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7
votes
1answer
794 views

Counting degrees of freedom for gravitational waves as a gauge field

Sean Carroll has a new popularization about the Higgs, The Particle at the End of the Universe. Carroll is a relativist, and I enjoyed seeing how he presented the four forces of nature synoptically, ...
4
votes
1answer
163 views

How exactly are the degrees of freedom seen by a falling into a black hole observer related to the ones seen by a staying outside observer?

This is some kind of a follow up of this nicely to the point answer to a provocative (but nevertheless upvoted!) question, about the legitimacy of black hole physics. The answer mentions, that the ...
2
votes
1answer
238 views

A different proof for 6 degrees of freedom

I want a different proof of 6 degrees of freedom of a solid object made of $\ N$ particles. I am thinking along these lines: Definition of rigid body is $\ modulus[\vec{r_i}-\vec{r_j}]=constant \ ...
3
votes
1answer
230 views

Phase Space dimension of Lorenz Strange Attractor

It is often discussed in 3 spatial dimensions and the need for third dimension to prevent self intersection is mentioned. But shouldn't the phase space of the Lorenz system be 6 dimensional, i.e., the ...
1
vote
0answers
621 views

what's the difference between linear n-atom molecule and nonlinear n-atom molecule?

I am reading a material about the degree of freedom for linear n-atom molecule and nonlinear n-atom molecule. Here is my analysis for a diatomic molecule, if there are two atoms, we have to use 3 ...
1
vote
2answers
5k views

The number of degrees of freedom of a monatomic gas

Suppose that I have a monatomic gas sample consisting of $N$ atoms (e.g., $N$ argon atoms); thus there are no vibrations or rotations. How many degrees of freedom does the system have? Does the ...
3
votes
2answers
6k views

Modeling a two-mass, spring, damper system

I'm trying to model a system with two masses, two springs, two dampers, and one applied force using transfer functions. I'll then be inputting it into Simulink. The system looks like this but there ...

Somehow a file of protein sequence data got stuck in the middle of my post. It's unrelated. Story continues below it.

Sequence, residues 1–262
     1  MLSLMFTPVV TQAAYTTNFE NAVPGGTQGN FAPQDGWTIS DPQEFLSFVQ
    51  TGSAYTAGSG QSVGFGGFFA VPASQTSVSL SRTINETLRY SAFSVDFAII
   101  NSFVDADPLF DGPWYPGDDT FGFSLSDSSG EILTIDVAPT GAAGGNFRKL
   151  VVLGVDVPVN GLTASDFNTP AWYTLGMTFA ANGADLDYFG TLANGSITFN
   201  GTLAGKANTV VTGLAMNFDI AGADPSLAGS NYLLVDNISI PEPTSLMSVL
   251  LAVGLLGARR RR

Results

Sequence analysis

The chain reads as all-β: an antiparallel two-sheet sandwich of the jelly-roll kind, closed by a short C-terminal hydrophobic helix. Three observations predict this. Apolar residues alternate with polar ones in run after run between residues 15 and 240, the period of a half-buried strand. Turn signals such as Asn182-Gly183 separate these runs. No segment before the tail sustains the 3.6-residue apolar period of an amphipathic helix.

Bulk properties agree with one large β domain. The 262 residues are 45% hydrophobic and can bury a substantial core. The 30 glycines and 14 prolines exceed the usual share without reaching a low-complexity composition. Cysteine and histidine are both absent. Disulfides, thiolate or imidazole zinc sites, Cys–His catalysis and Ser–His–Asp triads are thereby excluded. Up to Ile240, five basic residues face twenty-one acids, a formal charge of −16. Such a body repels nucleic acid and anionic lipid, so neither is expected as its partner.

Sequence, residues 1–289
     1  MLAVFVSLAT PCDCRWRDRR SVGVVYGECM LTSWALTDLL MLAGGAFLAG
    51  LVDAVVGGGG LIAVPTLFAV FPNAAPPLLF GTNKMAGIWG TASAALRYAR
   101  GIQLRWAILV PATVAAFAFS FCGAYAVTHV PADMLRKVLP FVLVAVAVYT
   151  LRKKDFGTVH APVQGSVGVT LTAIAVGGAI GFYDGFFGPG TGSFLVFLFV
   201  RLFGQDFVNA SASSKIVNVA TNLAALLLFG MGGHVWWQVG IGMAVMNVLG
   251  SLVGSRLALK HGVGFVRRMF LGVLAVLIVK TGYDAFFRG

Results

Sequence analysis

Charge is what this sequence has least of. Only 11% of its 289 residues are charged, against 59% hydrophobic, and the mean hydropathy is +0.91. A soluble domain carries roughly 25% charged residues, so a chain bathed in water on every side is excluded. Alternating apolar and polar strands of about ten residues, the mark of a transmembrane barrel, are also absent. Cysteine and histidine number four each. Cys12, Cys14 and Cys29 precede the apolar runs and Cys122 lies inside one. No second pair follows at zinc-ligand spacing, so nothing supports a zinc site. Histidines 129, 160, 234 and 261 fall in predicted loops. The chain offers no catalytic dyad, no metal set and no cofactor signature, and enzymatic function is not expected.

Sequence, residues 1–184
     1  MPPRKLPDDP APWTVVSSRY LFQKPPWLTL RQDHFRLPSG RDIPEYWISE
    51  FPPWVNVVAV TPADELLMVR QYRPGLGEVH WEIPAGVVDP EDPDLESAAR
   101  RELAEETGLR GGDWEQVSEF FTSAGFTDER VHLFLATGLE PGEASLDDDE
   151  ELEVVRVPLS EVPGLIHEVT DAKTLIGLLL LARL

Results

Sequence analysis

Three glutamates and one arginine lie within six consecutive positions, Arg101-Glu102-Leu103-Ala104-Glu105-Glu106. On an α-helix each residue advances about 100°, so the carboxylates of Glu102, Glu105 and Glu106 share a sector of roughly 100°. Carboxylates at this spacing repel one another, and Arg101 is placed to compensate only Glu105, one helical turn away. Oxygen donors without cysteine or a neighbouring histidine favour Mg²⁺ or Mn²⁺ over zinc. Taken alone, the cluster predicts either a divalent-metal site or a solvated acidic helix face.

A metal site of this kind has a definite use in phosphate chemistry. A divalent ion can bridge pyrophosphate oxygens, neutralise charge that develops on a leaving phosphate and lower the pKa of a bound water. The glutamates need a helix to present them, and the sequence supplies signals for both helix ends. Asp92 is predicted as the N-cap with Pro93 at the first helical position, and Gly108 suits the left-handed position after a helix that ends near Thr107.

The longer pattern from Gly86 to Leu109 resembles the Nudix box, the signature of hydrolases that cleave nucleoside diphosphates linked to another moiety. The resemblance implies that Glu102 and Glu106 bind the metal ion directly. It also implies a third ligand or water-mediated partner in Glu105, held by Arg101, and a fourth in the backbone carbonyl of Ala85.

3
votes
1answer
309 views

Propagating degrees of freedom of graviton

What is the best way to see that the number of propagating degrees of freedom or gravitons in 3 dimensions is $0$ ? By graviton I mean the metric and NOT some topologically massive graviton that one ...
2
votes
1answer
331 views

Degrees of freedom in the infinite momentum frame

Lenny Susskind explains in this video at about 40min, as an extended object (for example a relativistic string) is boosted to the infinite momentum frame (sometimes called light cone frame), it has no ...
3
votes
2answers
180 views

Dark matter: degrees of freedom

I'm afraid this question could sound a little too vague. I don't even know if dark matter (DM) can be genuinely described by quantum field theory, or if quantum field theory should be somehow ...
8
votes
1answer
457 views

Clarification on “central charge equals number of degrees of freedom”

It's often stated that the central charge c of a CFT counts the degrees of freedom: it adds up when stacking different fields, decreases as you integrate out UV dof from one fixed point to another, ...
2
votes
2answers
2k views

degree of freedom of a rigid body 5 or 6?

I'm confused here. I have a three particle (rigid) system. What would be the degree of freedom? I found out five. 3 coordinates for center of mass and 2 for describing orientation. But we have only ...
4
votes
2answers
724 views

Counting degrees of freedom in presence of constraints

In a $N$ dimensional phase space if I have $M$ 1st class and $S$ 2nd class constraints, then I have $N-2M-S$ degrees of freedom in phase space. How can I calculate the degrees of freedom in ...
3
votes
3answers
935 views

Counting degrees of freedom of gauge bosons

Gauge bosons are represented by $A_{\mu}$, where $\mu = 0,1,2,3$. So in general there are 4 degrees of freedom. But in reality, a photon (gauge boson) has two degrees of freedom (two polarization ...
0
votes
1answer
117 views

Equipartition theorem for flowing gas

If an ideal gas is flowing with a velocity $v$, how is the equipartition theorem applied. Normally, we can say that $\frac{1}{2}mv_{x,rms}^2=\frac{1}{2}k_BT$. We can do the same thing for $v_y$ ...
5
votes
6answers
2k views

Degree of freedom paradox for a rigid body

Suppose we consider a rigid body, which has $N$ particles. Then the number of degrees of freedom is $3N - (\mbox{# of constraints})$. As the distance between any two points in a rigid body is fixed, ...
2
votes
1answer
411 views

Violations of Dulong-Petit rule as an upper limit to heat capacity

Does any known substance have a heat capacity at constant volume ($C_V$) per mole of atoms greater than $3k_B$ ~ 24.94 J/(mol K)? In order to count, the substance must actually be made of atoms, that ...
14
votes
1answer
2k views

What is the definition of how to count degrees of freedom?

This question resulted, rather as by-product, the discussion on how to count degrees of freedom (DOF). I extend that question here: Are necessary1 derivatives such as velocities counted as ...